I also realized how often Jesus says, `I am who I am' (three times) and finally, `Before Abraham was, I am.' Jesus applies to Himself the phrase used by Yahweh in the Old Testament as His name. In other words, in John's gospel, Jesus clearly equates Himself with God (`The Father and I are one').
As represented in this film, Jesus is thoroughly human in that He suffers and dies. Yet He also radiates the power of divinity -- not so much in the form of miracles, as in a sense of righteousness, a certainty about His mission. Even Jesus' outrage at the commercialization of Temple worship seems more like the fulmination of an exasperated Old Testament God. We do not see Jesus tempted by Satan or agonizing in the garden of Gethsemane. Jesus knows exactly who He is and what He is doing, even though His followers may not.
The real `stars' of the film are Jesus' opponents, `the Jewish authorities' (Pharisees, Sadducees and scribes) and their hapless instrument, Pontius Pilate. The apostles, on the other hand, are curiously lifeless in this film rendering of John's gospel. Even Judas is given little in the way of motivation. John's explanation is that he was a thief who pilfered the apostles' common purse and sold His master out of simple greed. This explanation may have been enough for the evangelist, but it is far from satisfying in literary or cinematic terms.
The film portrays Mary, the mother of Jesus, as a woman of mature years. Her visual representation comes as something of a shock, compared to Olivia Hussey's incarnation of the Virgin in `Jesus of Nazareth'. I was reminded of Michelangelo's Pietà. Someone pointed out to the sculptor that the mother looked strangely younger than the son. Michelangelo replied that, since the Virgin had been pure and sinless, he could not imagine her aging and decaying. Jesus' mother in `The Gospel of John' thus runs counter to a certain iconographic tradition.
The other women in this film, as in John's gospel, get short shrift. We barely get any sense of Mary Magdalen, or Mary and Martha of Bethany. The most fully developed female character is the Samaritan at the well, played by an actress whose face and voice deliver exactly the right note of hard-bitten cynicism. One only wishes she were not so wild-eyed once she realizes she is speaking to the promised Messiah.
The same excessive theatricality is found in John the Baptist, Nathanael (whom Jesus saw beneath the fig tree before meeting him) and doubting Thomas (whose exclamation, `My Lord and my God!' rings hollow).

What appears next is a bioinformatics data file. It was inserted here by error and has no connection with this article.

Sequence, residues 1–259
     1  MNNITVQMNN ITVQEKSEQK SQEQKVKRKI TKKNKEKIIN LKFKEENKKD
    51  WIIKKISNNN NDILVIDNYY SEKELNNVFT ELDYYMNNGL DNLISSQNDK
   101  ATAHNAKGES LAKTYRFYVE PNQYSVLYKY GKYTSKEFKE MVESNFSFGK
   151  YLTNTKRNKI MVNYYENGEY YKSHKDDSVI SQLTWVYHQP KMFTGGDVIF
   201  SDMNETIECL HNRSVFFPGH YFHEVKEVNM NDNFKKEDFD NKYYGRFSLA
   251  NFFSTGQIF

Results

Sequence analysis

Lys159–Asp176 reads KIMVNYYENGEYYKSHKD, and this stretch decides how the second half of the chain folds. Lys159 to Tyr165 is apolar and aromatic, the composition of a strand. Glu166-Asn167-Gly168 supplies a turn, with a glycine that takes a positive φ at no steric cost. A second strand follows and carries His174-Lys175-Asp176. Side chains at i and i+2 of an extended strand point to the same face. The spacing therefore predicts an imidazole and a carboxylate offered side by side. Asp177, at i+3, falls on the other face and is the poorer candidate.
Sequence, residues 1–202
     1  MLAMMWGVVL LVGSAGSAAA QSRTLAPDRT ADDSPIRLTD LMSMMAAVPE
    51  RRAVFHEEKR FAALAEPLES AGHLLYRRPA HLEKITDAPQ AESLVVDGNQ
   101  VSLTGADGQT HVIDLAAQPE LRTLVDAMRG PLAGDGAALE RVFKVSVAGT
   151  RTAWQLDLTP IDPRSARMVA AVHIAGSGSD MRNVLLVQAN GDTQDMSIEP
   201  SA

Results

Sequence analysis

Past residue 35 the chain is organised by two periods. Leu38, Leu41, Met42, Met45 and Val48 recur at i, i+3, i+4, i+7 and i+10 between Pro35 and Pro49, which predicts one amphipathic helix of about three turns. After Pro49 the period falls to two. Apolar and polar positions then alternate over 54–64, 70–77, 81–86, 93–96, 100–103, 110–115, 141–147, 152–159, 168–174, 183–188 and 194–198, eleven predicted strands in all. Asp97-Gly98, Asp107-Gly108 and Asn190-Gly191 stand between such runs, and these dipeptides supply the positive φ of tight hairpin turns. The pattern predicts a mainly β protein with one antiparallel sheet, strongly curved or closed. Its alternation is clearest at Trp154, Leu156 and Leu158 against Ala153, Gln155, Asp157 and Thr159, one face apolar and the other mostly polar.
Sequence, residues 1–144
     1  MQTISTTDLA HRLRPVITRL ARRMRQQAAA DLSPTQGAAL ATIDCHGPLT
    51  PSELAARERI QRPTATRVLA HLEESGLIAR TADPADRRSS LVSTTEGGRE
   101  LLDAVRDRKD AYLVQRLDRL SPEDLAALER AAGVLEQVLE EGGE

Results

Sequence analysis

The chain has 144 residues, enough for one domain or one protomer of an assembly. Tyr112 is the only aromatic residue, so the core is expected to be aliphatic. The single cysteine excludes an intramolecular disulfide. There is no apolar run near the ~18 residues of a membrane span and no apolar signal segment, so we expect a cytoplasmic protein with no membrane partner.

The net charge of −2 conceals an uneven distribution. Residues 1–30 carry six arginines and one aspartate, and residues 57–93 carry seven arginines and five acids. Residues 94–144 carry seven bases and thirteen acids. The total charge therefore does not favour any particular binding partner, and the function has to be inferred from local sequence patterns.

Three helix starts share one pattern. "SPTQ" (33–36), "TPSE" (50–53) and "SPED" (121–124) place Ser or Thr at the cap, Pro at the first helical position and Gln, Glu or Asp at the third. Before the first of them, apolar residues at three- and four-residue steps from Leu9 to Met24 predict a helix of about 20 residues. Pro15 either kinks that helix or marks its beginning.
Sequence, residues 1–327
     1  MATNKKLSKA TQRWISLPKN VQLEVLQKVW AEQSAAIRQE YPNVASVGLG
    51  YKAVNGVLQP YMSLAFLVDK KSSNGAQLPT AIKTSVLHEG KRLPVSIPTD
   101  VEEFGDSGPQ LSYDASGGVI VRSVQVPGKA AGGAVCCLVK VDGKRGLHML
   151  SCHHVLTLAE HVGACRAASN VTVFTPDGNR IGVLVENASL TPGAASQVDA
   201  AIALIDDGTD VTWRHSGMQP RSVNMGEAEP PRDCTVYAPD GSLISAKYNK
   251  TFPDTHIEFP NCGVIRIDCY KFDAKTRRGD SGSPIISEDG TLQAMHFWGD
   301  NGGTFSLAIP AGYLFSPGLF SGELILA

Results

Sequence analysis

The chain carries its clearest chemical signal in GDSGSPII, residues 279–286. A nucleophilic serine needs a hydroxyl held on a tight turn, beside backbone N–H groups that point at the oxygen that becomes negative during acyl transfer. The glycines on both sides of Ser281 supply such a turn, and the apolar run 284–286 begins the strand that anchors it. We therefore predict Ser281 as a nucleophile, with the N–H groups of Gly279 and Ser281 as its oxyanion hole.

A film such as `The Gospel of John' cannot be judged entirely according to the usual canons of cinematic art. In other words, we cannot judge `The Gospel of John' simply on the basis of artistic merit or entertainment value. Ultimately, we must ask: Is the film theologically sound? Does it succeed in conveying the gospel message? How do we, the audience, respond to that message and especially the messenger, Jesus Himself?
In the final analysis -- and this is a question all filmgoers must answer for themselves -- would we heed the Jesus of `The Gospel of John' when He invites us to `Follow me'?
As others have said, this movie is a faithful adaptation of the gospel of John. I thought that having every single word of the book either spoken by characters or narrated was a necessary and intelligent decision to make. To hear the Word allows you to consider the actors & director's interpretation of certain events & verses, and also to simply consider the Word for yourself in a comprehensive manner. After all, how often does one ever read straight through the book of John?
Watching this movie really helps the Christian understand Jesus' incredibly difficult situation. I'm not talking about the crucifiction, but the fact that Jesus as the Son of God is incarnated into a man and has to tell men who he really is. To put it more clearly, imagine if God incarnate stood before you as an average looking human being and said "I am the Son of God." Unless you saw a miracle it you would not be willing to suspend disbelief. I empathized with Jesus when he emphatically said, "I am telling you the truth!" so many times throughout the movie.
In conclusion, this movie is really worth your time to watch. Although it is very long and you may lose focus at times during the middle portion I would still highly recommend it. It isn't perfect but overall it's a fantastic piece of work.
In some of the older portrayals, Jesus comes off as wooden, isolated and somehow above everyone else. Not here! Jesus smiles at others' limited understandings, but with compassion, as if he wants to teach them something by his very presence.